Normal Body Weight Can Hide Eating Disorders

A study led by researchers at the Stanford University School of Medicine and the University of California-San Francisco found that teens and young adults with atypical anorexia can have normal body weights and still be dangerously ill. The research is the largest, most comprehensive assessment to date of normal-weight adolescents with atypical anorexia. Anorexia Nervosa is an eating disorder characterized by weight loss (or lack of appropriate weight gain in growing children); difficulties maintaining an appropriate body weight for height, age, and stature; and, in many individuals, disordered body image. People with anorexia generally restrict the number of calories and … Continue reading

Recover From Sugar Addiction

Do You Have A Sugar Addiction? Take a moment to reflect on these questions. 1. Do you eat large quantities of sweets? 2. Do you feel a need to have them and avoid sharing? 3. Will you go get what you want, no matter the hour? 4. Do you have mood swings, suffer from depression, have unpredictable behavior, or have moments of aggression? 5. Do you have a short attention span or are you forgetful? 6. Do you have an eating disorder or a weight problem? 7. Have you tried to limit or eliminate all sweets, but failed repeatedly? 8. … Continue reading

Famous Model Blames Parents For Eating Disorders

Brazilian supermodel Gisele Bundchen denies ever having an eating disorder, but she says she knows many fellow models who do and she is now publicly blaming the girls’ parents for it. The statement seems a bit outlandish (I know it made me pause for a minute), but her comment wasn’t taken out of context… at least that’s what Brazil’s “O Globo” newspaper maintains. In previous blogs I addressed the issue of the fashion industry being blamed for promoting anorexia among young models, which is why I find Bundchen statements so interesting. The 26-year-old model (and actor Leonardo DiCaprio’s ex-girlfriend) recently … Continue reading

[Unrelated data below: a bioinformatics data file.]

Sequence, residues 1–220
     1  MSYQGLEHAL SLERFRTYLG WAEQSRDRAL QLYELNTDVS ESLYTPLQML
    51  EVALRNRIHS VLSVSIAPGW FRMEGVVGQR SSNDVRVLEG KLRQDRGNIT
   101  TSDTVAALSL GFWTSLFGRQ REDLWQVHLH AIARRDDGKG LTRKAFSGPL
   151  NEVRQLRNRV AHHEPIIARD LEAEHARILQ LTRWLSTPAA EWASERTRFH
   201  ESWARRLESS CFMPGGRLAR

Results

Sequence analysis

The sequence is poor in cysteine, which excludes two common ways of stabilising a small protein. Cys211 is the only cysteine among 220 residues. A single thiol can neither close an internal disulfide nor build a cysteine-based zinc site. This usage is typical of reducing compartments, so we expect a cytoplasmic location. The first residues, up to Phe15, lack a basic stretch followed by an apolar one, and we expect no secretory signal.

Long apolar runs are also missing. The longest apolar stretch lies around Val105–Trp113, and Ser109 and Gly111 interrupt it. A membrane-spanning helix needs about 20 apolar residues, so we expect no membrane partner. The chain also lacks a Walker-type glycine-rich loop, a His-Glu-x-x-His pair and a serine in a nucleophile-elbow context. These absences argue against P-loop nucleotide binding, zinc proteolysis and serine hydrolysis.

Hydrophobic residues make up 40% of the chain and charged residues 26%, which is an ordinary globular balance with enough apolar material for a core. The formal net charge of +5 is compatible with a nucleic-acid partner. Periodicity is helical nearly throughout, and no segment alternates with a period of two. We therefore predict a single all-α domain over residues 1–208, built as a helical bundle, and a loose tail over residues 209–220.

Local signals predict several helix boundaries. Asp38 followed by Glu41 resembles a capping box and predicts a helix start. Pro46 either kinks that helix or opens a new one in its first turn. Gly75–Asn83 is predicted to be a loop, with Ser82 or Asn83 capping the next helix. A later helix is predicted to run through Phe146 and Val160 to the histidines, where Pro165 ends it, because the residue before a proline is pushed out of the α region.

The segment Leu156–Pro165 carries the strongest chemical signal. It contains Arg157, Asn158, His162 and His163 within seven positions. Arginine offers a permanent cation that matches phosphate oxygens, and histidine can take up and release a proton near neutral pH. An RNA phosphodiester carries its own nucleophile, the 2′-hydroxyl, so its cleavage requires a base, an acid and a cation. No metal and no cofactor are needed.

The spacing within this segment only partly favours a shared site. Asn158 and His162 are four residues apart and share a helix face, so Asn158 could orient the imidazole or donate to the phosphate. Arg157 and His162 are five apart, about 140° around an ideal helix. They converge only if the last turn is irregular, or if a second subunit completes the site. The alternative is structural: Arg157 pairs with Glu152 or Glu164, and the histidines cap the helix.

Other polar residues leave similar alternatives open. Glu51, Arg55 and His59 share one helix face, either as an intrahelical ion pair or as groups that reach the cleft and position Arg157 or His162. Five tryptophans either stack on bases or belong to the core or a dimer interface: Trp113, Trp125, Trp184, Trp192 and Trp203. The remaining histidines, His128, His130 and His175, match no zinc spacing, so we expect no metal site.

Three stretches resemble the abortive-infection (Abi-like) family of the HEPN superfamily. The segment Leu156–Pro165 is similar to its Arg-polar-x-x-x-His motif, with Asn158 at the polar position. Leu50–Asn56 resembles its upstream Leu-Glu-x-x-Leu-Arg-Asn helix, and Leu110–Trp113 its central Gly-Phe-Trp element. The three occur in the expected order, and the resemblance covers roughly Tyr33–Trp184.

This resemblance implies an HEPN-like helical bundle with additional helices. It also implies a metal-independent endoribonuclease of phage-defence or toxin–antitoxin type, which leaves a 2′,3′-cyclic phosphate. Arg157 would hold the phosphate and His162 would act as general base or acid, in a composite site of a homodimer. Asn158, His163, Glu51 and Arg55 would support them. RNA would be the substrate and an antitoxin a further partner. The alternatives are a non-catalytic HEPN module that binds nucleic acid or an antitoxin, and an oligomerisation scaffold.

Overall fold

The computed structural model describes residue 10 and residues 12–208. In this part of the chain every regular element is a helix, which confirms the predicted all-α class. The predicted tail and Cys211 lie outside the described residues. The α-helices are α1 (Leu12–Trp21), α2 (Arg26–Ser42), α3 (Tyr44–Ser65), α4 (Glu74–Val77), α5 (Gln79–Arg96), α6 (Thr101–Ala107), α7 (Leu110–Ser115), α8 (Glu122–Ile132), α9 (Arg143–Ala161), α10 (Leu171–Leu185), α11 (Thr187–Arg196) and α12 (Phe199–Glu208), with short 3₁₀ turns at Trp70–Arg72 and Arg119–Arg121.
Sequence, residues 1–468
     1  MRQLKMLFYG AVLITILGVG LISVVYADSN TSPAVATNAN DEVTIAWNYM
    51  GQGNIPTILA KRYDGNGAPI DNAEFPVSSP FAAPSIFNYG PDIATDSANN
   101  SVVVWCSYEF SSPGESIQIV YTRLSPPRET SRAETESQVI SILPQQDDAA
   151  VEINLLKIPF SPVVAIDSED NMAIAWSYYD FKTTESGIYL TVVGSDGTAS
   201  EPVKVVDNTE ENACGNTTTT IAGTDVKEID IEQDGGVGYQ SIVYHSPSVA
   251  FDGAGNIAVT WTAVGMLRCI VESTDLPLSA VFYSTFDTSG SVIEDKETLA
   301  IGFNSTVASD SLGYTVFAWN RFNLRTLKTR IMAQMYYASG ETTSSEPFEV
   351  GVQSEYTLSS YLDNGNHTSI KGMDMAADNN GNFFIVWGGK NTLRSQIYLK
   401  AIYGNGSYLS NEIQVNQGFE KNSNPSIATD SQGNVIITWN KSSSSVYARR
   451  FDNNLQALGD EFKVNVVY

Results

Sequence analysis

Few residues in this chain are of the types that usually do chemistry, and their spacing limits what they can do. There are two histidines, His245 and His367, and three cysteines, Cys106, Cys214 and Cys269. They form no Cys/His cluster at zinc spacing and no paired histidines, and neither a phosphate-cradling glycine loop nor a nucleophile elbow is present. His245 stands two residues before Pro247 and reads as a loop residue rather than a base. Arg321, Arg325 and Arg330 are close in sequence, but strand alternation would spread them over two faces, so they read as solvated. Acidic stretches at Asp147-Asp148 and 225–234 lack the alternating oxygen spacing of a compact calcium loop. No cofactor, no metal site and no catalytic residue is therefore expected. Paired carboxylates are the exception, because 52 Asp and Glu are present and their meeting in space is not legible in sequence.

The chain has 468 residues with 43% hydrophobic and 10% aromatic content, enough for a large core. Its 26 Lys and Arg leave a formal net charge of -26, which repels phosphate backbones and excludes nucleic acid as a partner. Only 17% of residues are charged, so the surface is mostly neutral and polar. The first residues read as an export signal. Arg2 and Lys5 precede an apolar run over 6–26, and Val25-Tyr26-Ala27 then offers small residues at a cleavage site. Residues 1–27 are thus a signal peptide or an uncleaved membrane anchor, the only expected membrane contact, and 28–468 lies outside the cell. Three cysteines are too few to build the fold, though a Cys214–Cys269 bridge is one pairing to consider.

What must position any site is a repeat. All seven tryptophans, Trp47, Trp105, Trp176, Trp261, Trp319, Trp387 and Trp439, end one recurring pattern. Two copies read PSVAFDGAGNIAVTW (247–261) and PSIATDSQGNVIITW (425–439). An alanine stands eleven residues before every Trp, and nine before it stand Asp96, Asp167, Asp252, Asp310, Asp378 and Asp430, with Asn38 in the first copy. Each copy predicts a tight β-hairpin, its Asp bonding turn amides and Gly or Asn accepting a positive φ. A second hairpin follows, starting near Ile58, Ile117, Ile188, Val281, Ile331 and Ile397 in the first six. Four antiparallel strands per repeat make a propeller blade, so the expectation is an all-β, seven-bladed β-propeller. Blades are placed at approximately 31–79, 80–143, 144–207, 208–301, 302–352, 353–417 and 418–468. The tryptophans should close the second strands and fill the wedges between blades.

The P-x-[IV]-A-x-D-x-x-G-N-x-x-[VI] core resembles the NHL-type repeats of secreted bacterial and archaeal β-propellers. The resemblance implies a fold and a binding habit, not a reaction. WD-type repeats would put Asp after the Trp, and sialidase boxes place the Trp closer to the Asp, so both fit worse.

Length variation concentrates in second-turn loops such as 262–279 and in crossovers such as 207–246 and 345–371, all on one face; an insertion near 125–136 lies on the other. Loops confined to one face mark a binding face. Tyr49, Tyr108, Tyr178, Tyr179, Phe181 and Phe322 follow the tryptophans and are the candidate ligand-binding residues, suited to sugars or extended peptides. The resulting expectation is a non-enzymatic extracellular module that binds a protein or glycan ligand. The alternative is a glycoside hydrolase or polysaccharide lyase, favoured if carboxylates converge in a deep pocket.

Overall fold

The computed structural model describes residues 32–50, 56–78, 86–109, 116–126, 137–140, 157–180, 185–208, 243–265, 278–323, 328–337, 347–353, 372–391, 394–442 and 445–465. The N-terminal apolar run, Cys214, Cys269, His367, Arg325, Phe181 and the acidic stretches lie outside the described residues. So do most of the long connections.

Coming Out and Being Honest

I’ve spent the last 15 years underestimating a problem I have. Rather than confronting it, I believed ignoring it as in issue would make it go way. I struggle with obesity; I have an eating disorder. Unlike many other issues people struggle with, mine stands out obvious to anyone who sees me. It’s not that I’ve denied being overweight, it’s that I refused to make it an issue or define who I am. Instead I’ve tried to overcompensate, hoping to shine what’s inside me, that it might radiate and people wouldn’t notice my weight. I fear I’ve reached a point … Continue reading

Warning Signs of Eating Disorders

The media constantly portrays the perfect woman as a slim and beautiful size 6, yet statistics show that the average woman is between sizes 11 and 14. As a result there is an increase in cases of eating disorders primarily among women. A survey completed by Exeter University in Great Britain reported that over half of the 37,500 teenage girls surveyed reported that their appearance was the biggest concern in their lives. They also found that 59% of girls who suffered from low self-esteem ages twelve to thirteen were dieting. Sadly about three percent of these girls will go to … Continue reading

Stop Weight Loss through Bulimia and Anorexia

Sadly, approximately 5% of all females and 1% of all males in the United States suffer from bulimia or anorexia, many just trying to lose weight. In addition, some 250,000 Canadian women between the age of 13 and 40 also live with these diseases. What makes this so frightening is that the number of people with eating disorders is growing, specifically in western states. In both cases, the person becomes obsessed with food, wanting to become thin. With bulimia, a person will consume a tremendous amount of calories, usually in one setting, and then use laxatives or vomiting to purge. … Continue reading

Bulimia: Diagnostic Criteria and Treatment

Bulimia is one of the most common psychological disorders affecting young females. The primary characteristic of the condition is the consumption of large amounts of food, usually junk food rather than healthy fruit and vegetables. Just as important as the amount of food eaten, is the experience of being out of control, i.e. the person cannot control the binging incident at the time. In addition, there is an attempt to compensate for the bingeing behavior in the form of purging, where the food consumed is expelled by a variety of means. The DSM-IV outlines the following criteria for the diagnosis … Continue reading